Jules Bianchi and Giedo van der Garde have escaped censure from the stewards after their Japanese Grand Prix ended before the first corner.

While attention focused on the front of the pack, and the bad starts by Mark Webber and Sebastian Vettel that allowed Romain Grosjean into the lead, the jostling pack spat out two of its backmarkers in an accident that saw van der Garde make hard contact with the tyre wall bordering the main straight.

"My start was okay but, going into turn one, I was squeezed between both the Marussia cars and had nowhere to go," the Dutchman recalled, "I lost my front wing in contact with Bianchi and then the car went straight off and into the wall. It was quite a heavy impact, but I'm okay. Obviously it's disappointing, but it was a racing incident and sometimes these things happen."

Being the driver making contact from behind, van der Garde's explanation of the 'racing accident' is understandable, but Bianchi was not about to point the finger of blame on a weekend when little has gone right for his side of the Marussia garage.

"All in all, I think this is a weekend that was destined not to come my way, which is a shame, as I love the Suzuka circuit," he lamented, "We did our best to fight back and I was very confident in the way we would approach the race. Unfortunately, as I turned into the first corner on the opening lap, van der Garde hit my rear wing, which pushed me off track and into the gravel. There's nothing more to say really, except my thanks to the team for a lot of hard work this weekend."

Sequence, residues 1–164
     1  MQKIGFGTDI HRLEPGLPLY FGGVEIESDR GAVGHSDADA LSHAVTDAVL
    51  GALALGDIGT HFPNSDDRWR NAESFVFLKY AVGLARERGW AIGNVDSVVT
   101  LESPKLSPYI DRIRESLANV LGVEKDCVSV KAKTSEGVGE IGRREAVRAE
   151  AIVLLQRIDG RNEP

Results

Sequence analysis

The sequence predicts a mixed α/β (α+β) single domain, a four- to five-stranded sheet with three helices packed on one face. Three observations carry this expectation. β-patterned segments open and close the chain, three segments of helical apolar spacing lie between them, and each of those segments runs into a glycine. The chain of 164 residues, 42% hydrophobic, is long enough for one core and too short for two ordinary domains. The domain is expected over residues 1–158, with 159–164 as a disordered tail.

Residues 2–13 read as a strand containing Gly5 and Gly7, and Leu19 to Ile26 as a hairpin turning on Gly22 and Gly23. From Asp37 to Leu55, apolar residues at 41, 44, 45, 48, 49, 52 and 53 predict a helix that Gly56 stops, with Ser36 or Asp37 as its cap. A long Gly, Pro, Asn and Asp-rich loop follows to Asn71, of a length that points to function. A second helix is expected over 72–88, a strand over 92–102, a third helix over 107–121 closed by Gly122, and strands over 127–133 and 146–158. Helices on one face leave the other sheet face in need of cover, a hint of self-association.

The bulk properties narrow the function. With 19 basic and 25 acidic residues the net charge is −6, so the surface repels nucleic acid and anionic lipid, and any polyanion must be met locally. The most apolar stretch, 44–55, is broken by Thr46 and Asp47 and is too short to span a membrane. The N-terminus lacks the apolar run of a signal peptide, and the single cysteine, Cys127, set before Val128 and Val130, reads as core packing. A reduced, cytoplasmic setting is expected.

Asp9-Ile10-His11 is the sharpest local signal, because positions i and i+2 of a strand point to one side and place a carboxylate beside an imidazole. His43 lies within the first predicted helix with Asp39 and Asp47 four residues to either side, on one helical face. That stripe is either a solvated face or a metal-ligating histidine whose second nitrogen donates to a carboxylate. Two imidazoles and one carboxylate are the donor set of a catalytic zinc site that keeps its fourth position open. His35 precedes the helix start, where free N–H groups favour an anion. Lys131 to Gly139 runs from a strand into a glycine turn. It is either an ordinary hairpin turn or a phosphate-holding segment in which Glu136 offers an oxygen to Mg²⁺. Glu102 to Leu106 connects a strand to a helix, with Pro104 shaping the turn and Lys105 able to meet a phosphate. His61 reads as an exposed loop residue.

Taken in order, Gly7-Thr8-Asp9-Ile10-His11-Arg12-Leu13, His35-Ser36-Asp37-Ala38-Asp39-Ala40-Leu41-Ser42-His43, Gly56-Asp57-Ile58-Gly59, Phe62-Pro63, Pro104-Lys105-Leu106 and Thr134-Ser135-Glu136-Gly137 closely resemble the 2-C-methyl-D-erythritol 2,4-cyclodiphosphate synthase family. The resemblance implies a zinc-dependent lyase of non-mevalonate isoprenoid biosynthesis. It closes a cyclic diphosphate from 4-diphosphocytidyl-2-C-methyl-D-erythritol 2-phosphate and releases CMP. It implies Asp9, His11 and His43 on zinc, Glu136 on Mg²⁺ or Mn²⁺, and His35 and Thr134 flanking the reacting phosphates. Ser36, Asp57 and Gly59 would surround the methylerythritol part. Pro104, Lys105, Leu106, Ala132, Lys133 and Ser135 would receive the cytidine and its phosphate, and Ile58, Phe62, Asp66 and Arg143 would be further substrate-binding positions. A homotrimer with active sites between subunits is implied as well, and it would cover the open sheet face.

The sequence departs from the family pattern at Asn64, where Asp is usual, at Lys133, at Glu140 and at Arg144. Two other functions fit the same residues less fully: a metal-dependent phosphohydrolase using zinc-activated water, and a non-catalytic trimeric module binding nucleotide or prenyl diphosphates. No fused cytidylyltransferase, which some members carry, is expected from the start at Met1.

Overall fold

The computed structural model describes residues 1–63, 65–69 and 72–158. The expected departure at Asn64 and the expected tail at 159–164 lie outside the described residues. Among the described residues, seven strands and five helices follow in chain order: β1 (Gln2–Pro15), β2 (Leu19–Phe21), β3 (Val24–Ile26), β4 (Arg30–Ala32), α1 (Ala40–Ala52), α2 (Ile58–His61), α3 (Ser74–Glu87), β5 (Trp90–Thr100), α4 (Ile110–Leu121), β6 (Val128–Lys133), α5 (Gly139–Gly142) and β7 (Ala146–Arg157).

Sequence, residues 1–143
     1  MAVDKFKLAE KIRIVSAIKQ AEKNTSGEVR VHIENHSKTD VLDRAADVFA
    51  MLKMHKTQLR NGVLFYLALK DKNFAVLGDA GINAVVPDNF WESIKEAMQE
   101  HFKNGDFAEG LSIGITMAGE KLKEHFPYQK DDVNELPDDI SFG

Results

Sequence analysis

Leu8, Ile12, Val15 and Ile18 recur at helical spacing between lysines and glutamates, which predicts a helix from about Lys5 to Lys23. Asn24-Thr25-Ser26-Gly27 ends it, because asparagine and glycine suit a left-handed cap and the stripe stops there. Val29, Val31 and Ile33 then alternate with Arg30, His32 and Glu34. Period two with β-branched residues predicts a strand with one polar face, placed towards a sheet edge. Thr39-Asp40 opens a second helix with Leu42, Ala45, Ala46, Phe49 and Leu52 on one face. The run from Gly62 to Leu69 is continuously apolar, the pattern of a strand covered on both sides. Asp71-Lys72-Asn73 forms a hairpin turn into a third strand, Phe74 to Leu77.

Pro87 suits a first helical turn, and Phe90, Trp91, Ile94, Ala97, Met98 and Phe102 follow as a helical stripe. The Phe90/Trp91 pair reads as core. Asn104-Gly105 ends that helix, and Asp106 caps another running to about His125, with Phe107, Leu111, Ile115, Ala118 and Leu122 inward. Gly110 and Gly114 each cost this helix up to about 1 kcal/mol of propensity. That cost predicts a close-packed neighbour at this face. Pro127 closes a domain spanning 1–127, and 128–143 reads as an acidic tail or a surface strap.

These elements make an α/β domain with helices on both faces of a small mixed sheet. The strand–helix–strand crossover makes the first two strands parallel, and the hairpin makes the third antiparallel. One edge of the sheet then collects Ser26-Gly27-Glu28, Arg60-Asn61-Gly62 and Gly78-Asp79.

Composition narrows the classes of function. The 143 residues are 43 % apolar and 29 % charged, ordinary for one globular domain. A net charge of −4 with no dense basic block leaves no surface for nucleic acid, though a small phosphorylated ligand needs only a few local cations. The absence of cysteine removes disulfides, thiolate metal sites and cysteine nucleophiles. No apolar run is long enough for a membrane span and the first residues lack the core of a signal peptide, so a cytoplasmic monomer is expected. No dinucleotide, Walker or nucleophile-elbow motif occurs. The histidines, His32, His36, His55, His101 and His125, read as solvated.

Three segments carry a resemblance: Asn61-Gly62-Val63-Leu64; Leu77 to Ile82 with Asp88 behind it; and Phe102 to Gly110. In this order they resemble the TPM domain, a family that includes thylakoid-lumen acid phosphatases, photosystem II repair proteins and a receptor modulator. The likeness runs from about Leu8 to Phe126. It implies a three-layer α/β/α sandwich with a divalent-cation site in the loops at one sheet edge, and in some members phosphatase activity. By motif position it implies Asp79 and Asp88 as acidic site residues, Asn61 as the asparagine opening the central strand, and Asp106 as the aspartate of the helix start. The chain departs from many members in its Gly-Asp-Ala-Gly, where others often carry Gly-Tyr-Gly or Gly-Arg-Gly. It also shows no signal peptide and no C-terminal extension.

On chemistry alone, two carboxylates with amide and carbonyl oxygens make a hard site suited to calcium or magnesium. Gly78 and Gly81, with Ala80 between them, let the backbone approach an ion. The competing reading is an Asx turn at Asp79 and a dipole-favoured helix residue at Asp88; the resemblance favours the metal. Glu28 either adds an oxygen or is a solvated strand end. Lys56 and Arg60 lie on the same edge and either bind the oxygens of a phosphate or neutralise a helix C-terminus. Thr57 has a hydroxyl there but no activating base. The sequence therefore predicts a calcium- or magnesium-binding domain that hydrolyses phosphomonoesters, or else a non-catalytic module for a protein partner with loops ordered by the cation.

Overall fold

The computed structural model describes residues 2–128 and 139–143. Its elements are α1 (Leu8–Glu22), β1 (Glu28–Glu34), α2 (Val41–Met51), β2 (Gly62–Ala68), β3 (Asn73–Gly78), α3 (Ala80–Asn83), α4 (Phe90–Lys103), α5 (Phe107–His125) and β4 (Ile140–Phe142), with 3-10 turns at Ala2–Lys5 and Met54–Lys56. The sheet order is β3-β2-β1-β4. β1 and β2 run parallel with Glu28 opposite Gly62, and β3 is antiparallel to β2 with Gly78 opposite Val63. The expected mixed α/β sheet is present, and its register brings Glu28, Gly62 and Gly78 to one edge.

The race stewards obviously concurred with the drivers and, having postponed their investigation into the accident until after the race, promptly decided that no further action was required.

"The incident was the result of actions by the drivers of car 21 (Giedo van der Garde) and car 23 (Max Chilton), which contributed to car 21 impacting the rear right of car 22 (Jules Bianchi)," an official FIA statement confirmed, "The stewards do not believe either the driver of car 21 or car 22 were wholly or predominately to blame for the incident."

The remaining Caterham of Charles Pic went on to beat the lone Marussia of Max Chilton by an unrepresentative 19 seconds after a late-race slip by the young Briton.

"I was happy with the way our race was panning out but, on the prime tyre in the final stint, I struggled a lot more and made a small mistake, going onto the marbles, which caused me to go off," Chilton sighed, "From then on, with those tyres, there was little I could do to recover.

"However, although we lost out in the end, I think we have to focus on the positives. The car is a lot stronger and we are in a good place for the fight with the Caterhams."